A more recent example of a witness who purported to give expert evidence but was found to be acting outside their competence and expertise is Dr Waney Squier. Dr Squier was a neuropathologist who was significantly involved in cases in which certain injuries suffered by babies were alleged to be indicative of Shaken Baby Syndrome (‘SBS’) rather than accidental injury. However, she disputed the medical consensus regarding those injuries and the existence of SBS generally.
In 2016 Dr Squier was the subject of Medical Practitioners Tribunal (‘MPT’) proceedings, which found her fitness to practise to be impaired as a result of her involvement as an expert witness in six cases and she was erased from LRMP. Although she was cleared of dishonesty on appeal, Mitting J ruled that the MPT had been entitled to find that Dr Squier’s fitness to practise was impaired on the basis she had failed “to work within the limits of her competence, to be objective and unbiased and to pay due regard to the views of other experts”. Mitting J imposed conditions on Dr Squier’s registration including a prohibition on acting as an expert witness in any court for 3 years. Dr Squier’s case is another example of the flaws inherent in depending on independent experts to regulate themselves when purporting to give expert opinion evidence – even where the expert is a member of an otherwise highly-regulated profession.
Problems with the current approach – reliance on challenge
A further concern with the current approach is that, as the burden is upon the accused’s legal team to raise the question of whether expert opinion evidence is admissible in a given case, there may be a question as to whether they are sufficiently experienced in the subject matter of an expert’s report to challenge it.
It has been suggested that in light of the laissez-faire approach to the admission of expert evidence, better training in this field would enable more robust challenges to be made to expert evidence before it is admitted. This approach still leaves the onus wholly on the shoulders of Counsel to take issue with any expert evidence. Respectfully, this relies either on lawyers having enough understanding of the basis upon which the expert has given their report, or incurring expense by instructing further experts to assist in interpreting the original expert evidence.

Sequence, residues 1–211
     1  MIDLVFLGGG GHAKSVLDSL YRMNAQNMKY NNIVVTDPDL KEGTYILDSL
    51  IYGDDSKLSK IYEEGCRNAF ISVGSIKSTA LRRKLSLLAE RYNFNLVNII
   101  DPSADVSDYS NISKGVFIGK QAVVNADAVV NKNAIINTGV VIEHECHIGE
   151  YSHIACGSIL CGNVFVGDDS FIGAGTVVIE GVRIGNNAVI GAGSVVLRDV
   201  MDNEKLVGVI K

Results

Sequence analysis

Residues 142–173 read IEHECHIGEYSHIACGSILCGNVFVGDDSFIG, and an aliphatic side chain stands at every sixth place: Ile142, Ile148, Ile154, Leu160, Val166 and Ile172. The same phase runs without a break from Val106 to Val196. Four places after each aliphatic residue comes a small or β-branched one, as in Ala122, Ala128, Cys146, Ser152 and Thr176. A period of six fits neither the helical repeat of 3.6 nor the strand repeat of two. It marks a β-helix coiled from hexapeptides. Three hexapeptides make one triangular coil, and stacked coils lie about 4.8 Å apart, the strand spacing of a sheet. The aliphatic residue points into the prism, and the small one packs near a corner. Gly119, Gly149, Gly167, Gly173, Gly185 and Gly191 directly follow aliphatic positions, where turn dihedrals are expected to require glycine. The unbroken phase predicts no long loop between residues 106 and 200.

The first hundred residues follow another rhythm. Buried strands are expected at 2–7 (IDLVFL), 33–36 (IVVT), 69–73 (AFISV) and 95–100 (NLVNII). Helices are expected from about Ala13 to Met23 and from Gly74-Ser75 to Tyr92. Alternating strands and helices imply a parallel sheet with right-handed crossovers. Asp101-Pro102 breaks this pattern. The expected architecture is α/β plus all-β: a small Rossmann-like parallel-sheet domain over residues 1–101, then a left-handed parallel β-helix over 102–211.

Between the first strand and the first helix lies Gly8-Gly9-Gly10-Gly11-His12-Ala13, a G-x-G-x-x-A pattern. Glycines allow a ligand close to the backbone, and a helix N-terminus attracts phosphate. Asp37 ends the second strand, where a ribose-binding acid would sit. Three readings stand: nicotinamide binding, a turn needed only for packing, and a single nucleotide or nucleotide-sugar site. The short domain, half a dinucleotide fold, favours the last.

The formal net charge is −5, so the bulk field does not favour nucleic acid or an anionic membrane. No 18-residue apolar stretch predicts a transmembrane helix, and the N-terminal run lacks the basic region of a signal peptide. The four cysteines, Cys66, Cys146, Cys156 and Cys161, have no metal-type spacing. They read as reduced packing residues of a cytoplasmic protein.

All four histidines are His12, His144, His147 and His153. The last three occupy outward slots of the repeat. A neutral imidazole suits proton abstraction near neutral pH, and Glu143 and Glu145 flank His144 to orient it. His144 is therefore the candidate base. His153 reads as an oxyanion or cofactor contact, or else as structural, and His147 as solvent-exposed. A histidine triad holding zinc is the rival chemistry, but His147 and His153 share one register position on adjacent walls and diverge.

It is disappointing that this government has failed to take up the Law Commission’s recommendation of implementing a statutory reliability test despite its clear benefits. It is also disappointing that the Court of Appeal has failed to take the opportunity in recent authorities to address this growing area of concern. A relatively simple legislative amendment would add a level of emphasis to the requirement for scientific evidence to be reviewed and robustly scrutinised before it is relied upon by the Crown to secure a conviction.
It is submitted that such legislation could and should go further – preliminary hearings in cases which rely solely or heavily upon expert evidence could be made mandatory in order to prevent such evidence from reaching a jury unnecessarily. It would no longer be incumbent upon the Defence to take the initiative to have unreliable evidence excluded, and the burden would be properly placed upon the Crown to demonstrate that such evidence is reliable before it reaches a jury. The outcome of this would be that cases built upon unreliable scientific evidence could be formally concluded before they reach trial, which would safeguard the public purse, prevent miscarriages of justice, and uphold the integrity of forensic science in the UK.
Other articles by Tony Williams include: